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Friday
Mar092012

Silent House

The horror genre is quickly becoming a gimmick. It seems that actual scares don’t really matter, just so long as the film is shot in a quirky way. Found footage is all the rage these days, but for every solid Paranormal Activity, you have a Grave Encounters or The Devil Inside. Films are simply imitating others, riding their coattails if you will, rather than coming up with a new and interesting idea to gain exposure. This week’s Silent House isn’t a found footage film, but the point remains. The 88 minute movie is meant to look like it was done all in one take with zero cuts so the events occur in real time and the end result is a gimmick in search of a story.

The film begins with Sarah (Elizabeth Olsen) sitting on some rocks near a creek outside of a rickety old house. She is there along with her father, John (Adam Trese), to fix the place up for sale, but once they get inside, she hears a noise coming from upstairs. Her father goes up to investigate, but then disappears. She later finds him bloody and bruised, but still breathing, so she begins to look for a way out. Unfortunately, the windows are boarded up (for no discernible reason), all the doors are locked and the one key that would let her out has mysteriously vanished.

Silent House is a remake of the 2010 Spanish film, La Casa Muda, and much of what was done in that film remains here. The one shot gimmick is ever present, the basic story remains the same and many of the scares are recreated practically down to the letter. Aside from the gimmick (both do a pretty good job of hiding probable cuts), the original film does everything better, which certainly doesn’t say much for Silent House given that the majority of its source material’s moments culminated in a bewildered “that’s it?”

Both do a good job of building suspense, but their eventual revelations are hardly frightening, which effectively makes those builds moot. Creepy little girl apparitions, slamming doors and an overused twist are clichéd and boring. The twist in question (which I will, of course, not give away) differs a bit in this movie from the original, but its unreservedness in its clue dropping, which include blatant musical cues and barely cryptic dialogue, make what is to come fairly obvious. What the two twists from each movie do have in common is that once they are revealed, they bring into question the legitimacy of everything you saw leading up to it. The specifics of what happens may be different, but the effect is the same: they don’t make sense.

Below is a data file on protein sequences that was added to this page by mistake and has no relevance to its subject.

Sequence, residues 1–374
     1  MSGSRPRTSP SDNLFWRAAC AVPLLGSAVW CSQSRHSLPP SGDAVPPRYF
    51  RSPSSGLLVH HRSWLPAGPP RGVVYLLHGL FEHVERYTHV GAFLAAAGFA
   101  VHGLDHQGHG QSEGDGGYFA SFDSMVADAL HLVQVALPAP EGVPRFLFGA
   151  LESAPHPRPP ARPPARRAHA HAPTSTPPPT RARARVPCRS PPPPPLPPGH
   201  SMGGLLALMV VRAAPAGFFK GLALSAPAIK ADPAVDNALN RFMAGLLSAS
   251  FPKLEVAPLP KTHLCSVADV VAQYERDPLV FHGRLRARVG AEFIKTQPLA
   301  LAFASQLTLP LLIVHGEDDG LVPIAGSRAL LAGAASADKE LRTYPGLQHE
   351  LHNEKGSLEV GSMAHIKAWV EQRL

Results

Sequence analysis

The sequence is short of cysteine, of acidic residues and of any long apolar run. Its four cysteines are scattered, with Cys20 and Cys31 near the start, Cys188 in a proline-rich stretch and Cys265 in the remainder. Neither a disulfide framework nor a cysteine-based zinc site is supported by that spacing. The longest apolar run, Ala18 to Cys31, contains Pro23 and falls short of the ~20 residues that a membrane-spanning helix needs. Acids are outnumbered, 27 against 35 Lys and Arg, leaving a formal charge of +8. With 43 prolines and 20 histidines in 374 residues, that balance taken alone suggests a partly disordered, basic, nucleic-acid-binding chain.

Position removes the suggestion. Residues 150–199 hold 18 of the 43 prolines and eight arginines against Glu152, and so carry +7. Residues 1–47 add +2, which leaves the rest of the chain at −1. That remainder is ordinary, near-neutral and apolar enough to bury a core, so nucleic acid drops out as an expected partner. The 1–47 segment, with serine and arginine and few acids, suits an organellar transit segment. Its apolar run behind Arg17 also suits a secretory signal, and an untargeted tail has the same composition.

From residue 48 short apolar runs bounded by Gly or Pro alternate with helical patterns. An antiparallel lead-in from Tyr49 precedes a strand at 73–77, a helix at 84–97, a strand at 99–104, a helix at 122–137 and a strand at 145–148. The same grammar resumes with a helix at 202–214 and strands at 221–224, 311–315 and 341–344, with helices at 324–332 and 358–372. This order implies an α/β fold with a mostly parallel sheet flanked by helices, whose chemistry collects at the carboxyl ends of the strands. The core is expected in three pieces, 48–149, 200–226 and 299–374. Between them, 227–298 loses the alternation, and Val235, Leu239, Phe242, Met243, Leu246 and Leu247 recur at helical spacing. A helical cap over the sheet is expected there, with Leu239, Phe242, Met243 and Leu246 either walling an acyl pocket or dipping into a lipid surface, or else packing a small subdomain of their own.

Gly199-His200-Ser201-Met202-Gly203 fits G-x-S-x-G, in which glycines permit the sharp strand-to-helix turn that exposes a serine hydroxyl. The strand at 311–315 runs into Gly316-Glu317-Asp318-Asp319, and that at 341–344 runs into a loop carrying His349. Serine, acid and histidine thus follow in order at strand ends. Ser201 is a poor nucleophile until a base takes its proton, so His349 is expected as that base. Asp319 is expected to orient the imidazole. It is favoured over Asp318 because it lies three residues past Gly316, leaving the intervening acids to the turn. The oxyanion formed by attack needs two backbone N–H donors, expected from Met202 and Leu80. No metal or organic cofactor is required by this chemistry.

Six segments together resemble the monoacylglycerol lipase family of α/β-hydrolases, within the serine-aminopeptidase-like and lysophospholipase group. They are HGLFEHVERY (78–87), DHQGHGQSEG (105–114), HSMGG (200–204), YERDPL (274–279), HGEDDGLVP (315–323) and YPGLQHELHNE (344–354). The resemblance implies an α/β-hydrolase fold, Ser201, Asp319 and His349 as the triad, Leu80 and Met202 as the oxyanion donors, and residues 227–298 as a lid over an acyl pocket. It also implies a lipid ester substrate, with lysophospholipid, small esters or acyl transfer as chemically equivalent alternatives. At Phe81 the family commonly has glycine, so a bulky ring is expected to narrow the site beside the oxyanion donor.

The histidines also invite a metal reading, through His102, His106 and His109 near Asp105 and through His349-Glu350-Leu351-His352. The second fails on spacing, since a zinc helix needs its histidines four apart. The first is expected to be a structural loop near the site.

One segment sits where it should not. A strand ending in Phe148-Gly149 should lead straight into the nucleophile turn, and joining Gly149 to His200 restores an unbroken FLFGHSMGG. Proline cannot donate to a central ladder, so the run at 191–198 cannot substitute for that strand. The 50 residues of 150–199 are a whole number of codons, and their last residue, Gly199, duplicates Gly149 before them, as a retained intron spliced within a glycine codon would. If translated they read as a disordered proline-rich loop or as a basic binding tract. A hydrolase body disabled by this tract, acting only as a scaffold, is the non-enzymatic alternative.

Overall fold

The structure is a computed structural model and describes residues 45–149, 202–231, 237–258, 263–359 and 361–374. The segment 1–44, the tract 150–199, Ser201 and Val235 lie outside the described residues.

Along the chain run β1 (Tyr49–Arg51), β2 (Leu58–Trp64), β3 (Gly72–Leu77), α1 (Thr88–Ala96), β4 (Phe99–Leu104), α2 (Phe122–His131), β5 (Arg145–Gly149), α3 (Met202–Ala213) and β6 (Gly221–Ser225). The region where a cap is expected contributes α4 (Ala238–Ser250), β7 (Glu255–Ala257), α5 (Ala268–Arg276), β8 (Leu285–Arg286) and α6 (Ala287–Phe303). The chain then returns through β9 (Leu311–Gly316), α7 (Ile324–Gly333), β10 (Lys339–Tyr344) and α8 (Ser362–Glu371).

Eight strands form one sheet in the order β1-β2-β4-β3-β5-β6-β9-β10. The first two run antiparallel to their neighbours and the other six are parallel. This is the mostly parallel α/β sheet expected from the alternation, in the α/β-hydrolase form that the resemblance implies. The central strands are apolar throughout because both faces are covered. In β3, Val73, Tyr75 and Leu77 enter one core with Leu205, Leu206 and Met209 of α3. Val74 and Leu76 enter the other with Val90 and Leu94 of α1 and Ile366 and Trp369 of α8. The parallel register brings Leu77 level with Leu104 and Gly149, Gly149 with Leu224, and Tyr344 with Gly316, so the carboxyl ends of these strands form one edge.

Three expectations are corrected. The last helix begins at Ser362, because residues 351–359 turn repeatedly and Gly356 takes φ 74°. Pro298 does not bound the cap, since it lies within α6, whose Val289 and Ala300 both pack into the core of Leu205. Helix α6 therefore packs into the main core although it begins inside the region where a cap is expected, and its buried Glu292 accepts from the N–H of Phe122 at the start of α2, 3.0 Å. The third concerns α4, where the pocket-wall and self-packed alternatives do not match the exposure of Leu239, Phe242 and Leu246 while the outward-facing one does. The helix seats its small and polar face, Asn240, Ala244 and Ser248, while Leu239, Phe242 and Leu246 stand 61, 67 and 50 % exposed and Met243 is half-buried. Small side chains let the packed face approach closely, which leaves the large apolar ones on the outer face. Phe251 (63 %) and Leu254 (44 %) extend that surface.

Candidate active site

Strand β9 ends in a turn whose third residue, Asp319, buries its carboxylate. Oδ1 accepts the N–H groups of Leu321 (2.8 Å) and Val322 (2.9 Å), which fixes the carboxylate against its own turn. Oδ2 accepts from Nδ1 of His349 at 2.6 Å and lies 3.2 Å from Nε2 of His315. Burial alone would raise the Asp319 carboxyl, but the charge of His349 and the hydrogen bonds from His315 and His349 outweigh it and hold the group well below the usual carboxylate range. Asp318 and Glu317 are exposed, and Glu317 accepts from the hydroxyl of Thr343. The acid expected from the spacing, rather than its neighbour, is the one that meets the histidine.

Aside from its technical prowess (that one shot illusion sure is convincing), the biggest thing Silent House has going for it is its lead star. Elizabeth Olsen, who many claim was snubbed of an Oscar nomination for her powerhouse performance in Martha Marcy May Marlene, is very good here, even if the occasional tweak of her supposedly frightened face in close-up makes her look more constipated than afraid. She plays the perfect vulnerable girl and she manages to make us care about her, but a movie like this needs more than just a performance. It needs ideas. Without ideas, it becomes the same old song and dance we’ve sat through countless times. The horror genre is in trouble and needs fixing. Silent House is evidence enough of that.

Silent House receives 2/5

Friday
Feb102012

Safe House

It’s always a pleasure to watch Denzel Washington, even when he’s in a movie that fails to live up to his screen presence. If anything, his mediocre films, like Unstoppable, The Taking of Pelham 123 and The Book of Eli, only strengthen that argument. He’s so good in all of them that he makes them better than they deserve to be. Still, one can’t help but long for his glory days of starring in bona fide winners, like Man on Fire and Training Day. His latest, entitled Safe House, isn’t a return to form, but it’s a step in the right direction, easily a notch above his last few efforts, but far below the quality of film he deserves to be in.

Washington plays Tobin Frost, an ex-CIA traitor who has been leaking important government information to a number of various parties for years. He has just been caught and transported to a government safe house in South Africa, which is cared for by an up and coming agent named Matt Weston, played by Ryan Reynolds. However, the safe house is quickly breached by an unknown party and Matt soon finds himself in possession of Tobin and tasked with bringing him in.

Safe House has a pretty simple story, though it tries to cover it with talk of government espionage, encrypted files and the like. It’s little more than an action movie where the characters have to move from Point A to Point B while dodging gunfire and participating in car chases. There aren’t any surprises to be found, including an eventual revelation that someone inside the CIA may be corrupt, but it moves forward at a brisk pace, occasionally stopping for some expositional dialogue, and always manages to entertain.